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Danforth Chapel

Excerpt from Building A College: An Architectural History of Berea College[1]


Danforth Chapel, 1937-1938Danforth Chapel Interior

Architects: James P. Jamieson and George Spearl, St. Louis, MO and Charles Cellarius, Architect, Cincinnati, OH

Construction: Struck Construction Co., Louisville, KY

Cornerstone laid: October 10, 1937

Dedication: Sunday May 29, 1938

Cost: $100,000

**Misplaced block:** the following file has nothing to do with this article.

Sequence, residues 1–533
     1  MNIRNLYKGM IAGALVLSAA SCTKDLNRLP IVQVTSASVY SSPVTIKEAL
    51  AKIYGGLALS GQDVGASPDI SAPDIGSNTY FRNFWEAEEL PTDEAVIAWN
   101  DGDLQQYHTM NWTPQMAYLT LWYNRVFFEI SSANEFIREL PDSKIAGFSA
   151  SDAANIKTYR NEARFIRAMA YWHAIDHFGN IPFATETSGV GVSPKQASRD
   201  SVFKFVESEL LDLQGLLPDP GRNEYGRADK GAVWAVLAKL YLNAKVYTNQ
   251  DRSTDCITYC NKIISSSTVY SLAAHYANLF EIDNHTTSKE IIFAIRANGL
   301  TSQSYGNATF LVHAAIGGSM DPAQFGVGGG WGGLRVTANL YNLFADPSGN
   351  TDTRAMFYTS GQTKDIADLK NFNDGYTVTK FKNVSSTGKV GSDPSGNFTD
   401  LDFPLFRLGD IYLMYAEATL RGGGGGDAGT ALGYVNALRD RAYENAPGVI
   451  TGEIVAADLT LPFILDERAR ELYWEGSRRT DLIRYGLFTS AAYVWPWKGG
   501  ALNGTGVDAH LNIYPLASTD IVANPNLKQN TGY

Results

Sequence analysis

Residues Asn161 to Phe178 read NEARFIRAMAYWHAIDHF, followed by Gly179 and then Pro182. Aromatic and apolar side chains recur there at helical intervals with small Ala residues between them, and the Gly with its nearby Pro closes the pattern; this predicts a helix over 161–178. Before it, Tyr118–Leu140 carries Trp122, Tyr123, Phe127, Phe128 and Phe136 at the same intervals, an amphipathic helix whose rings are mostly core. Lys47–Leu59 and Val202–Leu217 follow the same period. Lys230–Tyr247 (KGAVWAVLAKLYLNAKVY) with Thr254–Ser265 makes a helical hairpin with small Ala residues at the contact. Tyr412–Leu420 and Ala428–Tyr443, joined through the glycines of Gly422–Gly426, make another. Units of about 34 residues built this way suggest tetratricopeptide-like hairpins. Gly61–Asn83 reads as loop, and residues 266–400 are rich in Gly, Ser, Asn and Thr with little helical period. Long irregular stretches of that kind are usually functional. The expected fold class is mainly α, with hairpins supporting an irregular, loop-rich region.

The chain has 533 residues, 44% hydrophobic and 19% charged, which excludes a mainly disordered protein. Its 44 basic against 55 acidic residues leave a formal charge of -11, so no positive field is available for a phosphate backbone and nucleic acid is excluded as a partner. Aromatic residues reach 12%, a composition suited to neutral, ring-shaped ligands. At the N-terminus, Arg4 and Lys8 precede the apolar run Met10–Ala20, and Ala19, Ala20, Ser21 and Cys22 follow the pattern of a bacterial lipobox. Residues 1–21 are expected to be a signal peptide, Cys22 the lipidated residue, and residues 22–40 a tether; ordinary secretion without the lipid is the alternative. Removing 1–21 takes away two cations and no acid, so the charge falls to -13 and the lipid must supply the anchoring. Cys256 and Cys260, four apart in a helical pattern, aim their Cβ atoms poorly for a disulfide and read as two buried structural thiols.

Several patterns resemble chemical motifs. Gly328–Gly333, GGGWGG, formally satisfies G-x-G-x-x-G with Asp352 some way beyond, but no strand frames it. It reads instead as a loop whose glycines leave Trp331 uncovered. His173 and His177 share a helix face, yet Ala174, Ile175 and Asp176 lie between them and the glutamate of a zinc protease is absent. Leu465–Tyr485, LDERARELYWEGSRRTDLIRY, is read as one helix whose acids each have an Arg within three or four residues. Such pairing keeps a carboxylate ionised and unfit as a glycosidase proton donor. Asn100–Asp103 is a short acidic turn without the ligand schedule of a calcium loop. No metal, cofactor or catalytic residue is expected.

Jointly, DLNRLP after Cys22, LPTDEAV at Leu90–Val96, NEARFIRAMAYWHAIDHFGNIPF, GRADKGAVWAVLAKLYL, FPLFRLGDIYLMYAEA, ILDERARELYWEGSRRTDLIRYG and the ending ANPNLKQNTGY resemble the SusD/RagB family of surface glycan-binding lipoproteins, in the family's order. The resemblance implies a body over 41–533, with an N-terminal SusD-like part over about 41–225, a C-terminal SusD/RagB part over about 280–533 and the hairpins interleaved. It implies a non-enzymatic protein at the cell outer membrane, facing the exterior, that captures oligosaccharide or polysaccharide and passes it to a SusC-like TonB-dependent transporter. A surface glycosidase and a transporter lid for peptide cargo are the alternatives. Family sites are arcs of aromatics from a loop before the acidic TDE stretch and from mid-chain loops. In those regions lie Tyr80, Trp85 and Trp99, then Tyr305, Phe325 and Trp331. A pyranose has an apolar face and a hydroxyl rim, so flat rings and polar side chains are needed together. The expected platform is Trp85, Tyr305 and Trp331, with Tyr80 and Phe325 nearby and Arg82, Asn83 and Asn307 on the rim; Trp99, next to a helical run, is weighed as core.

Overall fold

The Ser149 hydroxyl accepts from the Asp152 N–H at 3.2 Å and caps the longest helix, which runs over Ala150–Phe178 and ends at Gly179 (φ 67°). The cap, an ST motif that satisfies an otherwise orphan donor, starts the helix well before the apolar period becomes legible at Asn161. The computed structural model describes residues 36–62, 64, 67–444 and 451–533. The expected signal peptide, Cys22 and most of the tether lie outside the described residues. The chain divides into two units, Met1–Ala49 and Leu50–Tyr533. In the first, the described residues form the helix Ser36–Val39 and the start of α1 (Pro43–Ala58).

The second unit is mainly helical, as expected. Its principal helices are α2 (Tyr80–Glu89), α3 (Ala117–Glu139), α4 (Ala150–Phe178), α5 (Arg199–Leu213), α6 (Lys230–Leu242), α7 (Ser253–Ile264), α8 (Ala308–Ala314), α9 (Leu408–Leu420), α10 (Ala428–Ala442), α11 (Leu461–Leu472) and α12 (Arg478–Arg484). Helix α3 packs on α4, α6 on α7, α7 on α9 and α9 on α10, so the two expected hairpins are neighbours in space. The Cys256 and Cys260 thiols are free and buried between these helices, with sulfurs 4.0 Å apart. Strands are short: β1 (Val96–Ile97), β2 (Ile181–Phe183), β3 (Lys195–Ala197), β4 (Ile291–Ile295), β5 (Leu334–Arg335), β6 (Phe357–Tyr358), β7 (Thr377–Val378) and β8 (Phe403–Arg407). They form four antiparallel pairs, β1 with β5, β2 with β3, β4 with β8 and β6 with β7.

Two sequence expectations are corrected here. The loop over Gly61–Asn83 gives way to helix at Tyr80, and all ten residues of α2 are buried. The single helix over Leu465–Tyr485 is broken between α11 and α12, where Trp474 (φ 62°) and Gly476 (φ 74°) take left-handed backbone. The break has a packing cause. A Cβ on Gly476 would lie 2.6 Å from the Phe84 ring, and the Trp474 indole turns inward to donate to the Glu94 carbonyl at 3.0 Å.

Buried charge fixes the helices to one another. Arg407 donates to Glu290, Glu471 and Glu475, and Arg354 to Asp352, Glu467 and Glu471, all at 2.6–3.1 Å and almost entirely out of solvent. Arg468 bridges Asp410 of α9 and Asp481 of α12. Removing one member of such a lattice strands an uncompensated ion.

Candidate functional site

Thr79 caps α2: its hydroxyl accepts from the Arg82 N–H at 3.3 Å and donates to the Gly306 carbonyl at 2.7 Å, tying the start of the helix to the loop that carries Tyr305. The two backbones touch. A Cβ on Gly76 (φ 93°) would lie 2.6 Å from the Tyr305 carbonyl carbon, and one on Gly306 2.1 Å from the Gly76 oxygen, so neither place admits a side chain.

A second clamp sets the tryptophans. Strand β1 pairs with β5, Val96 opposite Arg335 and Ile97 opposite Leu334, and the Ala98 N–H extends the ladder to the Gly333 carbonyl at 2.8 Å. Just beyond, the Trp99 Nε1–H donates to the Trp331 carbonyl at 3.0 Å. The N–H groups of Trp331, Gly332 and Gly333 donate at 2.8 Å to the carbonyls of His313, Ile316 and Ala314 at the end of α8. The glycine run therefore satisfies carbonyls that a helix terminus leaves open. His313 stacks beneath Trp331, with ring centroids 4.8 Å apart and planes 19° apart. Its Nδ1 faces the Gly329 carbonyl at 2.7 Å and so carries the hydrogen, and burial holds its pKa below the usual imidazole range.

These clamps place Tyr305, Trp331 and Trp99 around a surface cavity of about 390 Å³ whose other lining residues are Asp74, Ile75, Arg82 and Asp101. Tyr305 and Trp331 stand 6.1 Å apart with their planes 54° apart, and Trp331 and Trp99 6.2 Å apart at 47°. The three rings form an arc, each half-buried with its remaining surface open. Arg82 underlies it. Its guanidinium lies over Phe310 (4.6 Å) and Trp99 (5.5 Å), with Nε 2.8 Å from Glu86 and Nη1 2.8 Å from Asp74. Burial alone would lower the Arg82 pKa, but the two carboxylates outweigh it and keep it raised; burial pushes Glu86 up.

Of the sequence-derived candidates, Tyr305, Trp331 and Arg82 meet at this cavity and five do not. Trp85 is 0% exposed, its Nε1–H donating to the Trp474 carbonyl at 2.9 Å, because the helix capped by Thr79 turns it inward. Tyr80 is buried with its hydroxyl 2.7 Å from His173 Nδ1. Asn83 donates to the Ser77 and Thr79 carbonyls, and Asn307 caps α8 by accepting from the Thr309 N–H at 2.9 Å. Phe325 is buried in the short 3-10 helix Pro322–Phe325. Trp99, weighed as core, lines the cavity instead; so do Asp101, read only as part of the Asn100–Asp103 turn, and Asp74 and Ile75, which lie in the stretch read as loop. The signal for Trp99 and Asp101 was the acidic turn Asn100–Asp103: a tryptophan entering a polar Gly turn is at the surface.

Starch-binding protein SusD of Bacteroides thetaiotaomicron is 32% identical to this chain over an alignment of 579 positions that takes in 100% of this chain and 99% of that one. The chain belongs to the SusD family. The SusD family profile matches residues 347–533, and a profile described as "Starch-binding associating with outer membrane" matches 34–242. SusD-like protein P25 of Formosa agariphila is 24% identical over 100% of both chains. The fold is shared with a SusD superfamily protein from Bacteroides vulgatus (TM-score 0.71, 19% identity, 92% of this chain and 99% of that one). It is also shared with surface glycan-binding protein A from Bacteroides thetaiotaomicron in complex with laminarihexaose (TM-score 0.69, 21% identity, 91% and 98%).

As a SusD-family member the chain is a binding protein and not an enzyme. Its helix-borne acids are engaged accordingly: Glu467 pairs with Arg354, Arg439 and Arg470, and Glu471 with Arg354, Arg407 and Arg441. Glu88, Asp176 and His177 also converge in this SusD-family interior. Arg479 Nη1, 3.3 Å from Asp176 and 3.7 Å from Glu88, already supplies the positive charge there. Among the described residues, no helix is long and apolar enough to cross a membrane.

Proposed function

Charles Cellarius proposed the chapel be in a “Colonial Style” but the donor William H. Danforth (an Episcopalian, founder of the Ralston Purina Company of which he was president from 1893 to 1932 and chairman of the Berea College Board of Trustees until 1956) would not be convinced that such a chapel could have “that quiet and reverent atmosphere that we want” (WJ Hutchins letter, March 1936). Numerous proposed style renderings of the chapel were drawn by Jamieson and Spearl and can be found in the College Archives. An English Gothic style was selected. This Flemish bond red brick and limestone English Gothic designed chapel was a building “dedicated to the Worship of God With the prayer that here in communion with the Highest the youth of Berea may acquire the spiritual power to aspire nobly, adventure daringly, and serve humbly.” (This dedication statement was engraved into the left wail of the narthex.) Like the center tine of a fork, the Chapel was to be flanked by the Wings of the new classroom building, Cellarius’ Jessie Preston Draper Memorial, and thus, unite academics and religion (Berea Citizen, May 26, 1938; June 2, 1938). The Reverend Truman Douglas, St. Louis friend of Danforth, conducted the dedicatory services on May 29, 1938. In accepting the chapel, President William Hutchins said it would be a “shrine before which knights of God would dedicate themselves to the nobler battles of the long crusade” (Berea Citizen, June 2, 1938, 5).